Director: Peter Jackson
Writer: Fran Walsh, Philippa Boyens, and Peter Jackson; based on The Fellowship of the Ring by J. R. R. Tolkien
Cinematography: Andrew Lesnie
Producer: Barrie M. Osborne, Peter Jackson, Fran Walsh, Tim Sanders
by Jon Cvack
Continued from Part 1 and Part 2...
When the Fellowship fails to scale the Misty Mountains, they turn to the Mines of Moria, once ruled by Dwarves as they mined for the priceless Mithril. Outside, they face a pretty funny puzzle and killer Octopus, providing the worst scenes of that 25% of the CGI that completely fails as the creature attacks the fellowship, attempting to hide the detail with moonlight and water, and just looking like a giant video game monster.
Doesn’t matter because it leads to the film’s greatest scene, as the Fellowship discovers the mines abandoned of Elves but filled with Orcs, Jackson achieves the finest balance of thrill and action, relying on an Orc drum beat to anticipate their approach. Up to this point, we haven’t seen an actual battle scene, not beyond the sword fight between the Ringwraiths. Here Jackson shines with his talents, taking us from the tomb to the various corridors, with the drumbeat ever playing, building up excitement for what’s to come next and how much greater it can get.
While I was honestly taken out of the movie with the shitty Octopus, Jackson fully delivers with his VFX in the deep caverns with molten lava burning far below, with precarious massive staircases extending all the way down. When the Balrog comes, while needing a bit of a CGI polish, it caps off the scene with near perfection. I had always enjoyed the scene, but I never grasped how well crafted it was. I’d put this as one of top twenty five greatest scenes of all time, demanding to be watched with stellar sound and image, accomplishing the rare feat of making you hope, no matter how illogical, that things might be different for Gandalf this time around; that he would escape and continue to join the Fellowship and that they’d remain together. I’m not sure what goes on in the mind when this earnest hope for a impossible alternative reality takes place, but when Gandalf dies and the Fellowship mourns, I still get a bit moist in the eyes, no matter how many times I’ve seen it.
The film then moves to Lothlórien where the Extended Edition drowns, as we get blue dreamy sequence after blue dreamy sequence, with Elves like Galadriel (Cate Blanchett) speaking in slow motion, feeling as though it’s all shot in close ups causing me to feel claustrophobic. I wish I could insert the theatrical release for this section, as this section really dragged, and while I believe the theatrical cut is a bit confusing with all of the flashbacks and slow motion talk, it at least played fast enough for me not to care.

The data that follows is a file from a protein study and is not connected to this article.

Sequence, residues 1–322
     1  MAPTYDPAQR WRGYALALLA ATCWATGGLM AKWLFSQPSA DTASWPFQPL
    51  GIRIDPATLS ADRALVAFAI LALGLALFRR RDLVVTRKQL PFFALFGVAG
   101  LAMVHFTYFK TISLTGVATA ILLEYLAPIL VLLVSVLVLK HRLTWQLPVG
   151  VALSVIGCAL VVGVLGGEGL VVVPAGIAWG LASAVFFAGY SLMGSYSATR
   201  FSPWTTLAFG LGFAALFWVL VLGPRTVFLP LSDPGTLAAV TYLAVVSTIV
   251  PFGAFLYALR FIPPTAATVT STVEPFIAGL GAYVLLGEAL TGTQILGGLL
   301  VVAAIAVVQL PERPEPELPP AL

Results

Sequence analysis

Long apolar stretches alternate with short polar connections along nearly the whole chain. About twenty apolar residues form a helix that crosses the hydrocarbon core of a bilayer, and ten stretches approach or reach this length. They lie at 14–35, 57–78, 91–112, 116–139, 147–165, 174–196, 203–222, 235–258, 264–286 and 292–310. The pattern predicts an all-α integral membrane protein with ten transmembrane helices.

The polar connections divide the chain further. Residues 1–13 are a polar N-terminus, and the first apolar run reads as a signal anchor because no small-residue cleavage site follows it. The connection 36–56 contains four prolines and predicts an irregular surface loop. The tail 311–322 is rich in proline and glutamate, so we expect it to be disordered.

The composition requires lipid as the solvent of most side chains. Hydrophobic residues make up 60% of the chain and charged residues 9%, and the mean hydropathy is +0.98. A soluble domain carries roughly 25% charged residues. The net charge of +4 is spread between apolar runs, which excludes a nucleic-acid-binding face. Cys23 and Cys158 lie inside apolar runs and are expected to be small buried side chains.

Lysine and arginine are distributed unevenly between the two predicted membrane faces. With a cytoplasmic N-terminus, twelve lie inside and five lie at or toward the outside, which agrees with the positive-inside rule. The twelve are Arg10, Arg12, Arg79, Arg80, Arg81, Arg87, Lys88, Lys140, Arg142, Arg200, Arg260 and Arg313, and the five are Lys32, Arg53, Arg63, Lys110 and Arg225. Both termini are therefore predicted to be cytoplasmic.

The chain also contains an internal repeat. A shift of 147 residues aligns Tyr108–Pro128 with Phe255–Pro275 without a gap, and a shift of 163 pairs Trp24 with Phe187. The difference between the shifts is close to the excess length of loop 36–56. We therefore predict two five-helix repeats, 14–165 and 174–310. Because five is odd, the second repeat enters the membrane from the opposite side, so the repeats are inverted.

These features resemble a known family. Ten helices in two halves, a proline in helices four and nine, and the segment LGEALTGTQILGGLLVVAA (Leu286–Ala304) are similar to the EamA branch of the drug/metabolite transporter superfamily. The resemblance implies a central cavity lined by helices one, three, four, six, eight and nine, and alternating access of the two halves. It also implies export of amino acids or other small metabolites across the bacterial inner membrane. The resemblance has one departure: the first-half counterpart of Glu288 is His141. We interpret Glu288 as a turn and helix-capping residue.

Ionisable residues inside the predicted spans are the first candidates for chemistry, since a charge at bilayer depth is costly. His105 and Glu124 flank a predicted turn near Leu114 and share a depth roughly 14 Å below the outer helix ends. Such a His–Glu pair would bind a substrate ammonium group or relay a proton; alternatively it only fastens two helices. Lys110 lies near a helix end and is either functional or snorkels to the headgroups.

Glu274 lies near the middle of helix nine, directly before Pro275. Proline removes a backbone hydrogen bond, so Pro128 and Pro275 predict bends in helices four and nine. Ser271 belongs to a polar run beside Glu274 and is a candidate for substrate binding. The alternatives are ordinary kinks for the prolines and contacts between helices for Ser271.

The remaining Fellowship leaves via river. Boromir tries to steal the Ring from Frodo who escapes off on his own, as more Orcs close in on their position, once again highlighting the frailty of men and providing one of the more gruesome murders to watch; especially for a PG-13 movie.
It’s the closing scene that always sticks with me, as Frodo attempts to leave by canoe, abandoning the others, and Sam chases him down, nearly drowning. The score kicks in with the song is “The Breaking of the Fellowship” and even as I listen to it as I’m writing this, I get washed with that feeling of hope and anticipation; where not since a film like Back to the Future (1985) have I been so sad that it ended, forcing me to return to reality. While I could have probably done without the melodramatic drowning moment, hearing Sam declare that he’s going to stick with his friend also hits right in the heart. To see the connection between these characters which plays so true and entirely real is something, it’s clear that Tolkien had some thoughts on friendship, and which I could only surmise was based upon the bonds of war.
As the movie faded I was immediately taken back, to a time before I was into movies, simply excited for the next film which I’d only know through television commercials and magazines, immersing me into a world unlike anything I’ve ever experienced. I’ve spoken of summertime blockbuster trilogies - The Dark Knight Trilogy, Back to the Future, Indiana Jones, and so on. Rare is the winter blockbuster trilogy or series (Star Wars, Harry Potter, etc.). The Fellowship of the Ring is a movie I could have just as easily started up all over again the moment the credits rolled. It’s escapism at its very finest - combining brilliant insights with an accessible and fully realized stories. It’s one of the all time greats that, because it can’t be franchised the same as Star Wars, Marvel, or DC, has lost some of its popularity. I bet soon enough it’ll again takes it position as one of the all time greatest in cinematic history.*
*Coincidentally, only weeks after writing this, Amazon announced their ~$1 billion Lord of the Rings series is in the work.
BELOW: For all the CGI faults, this some how still holds up well
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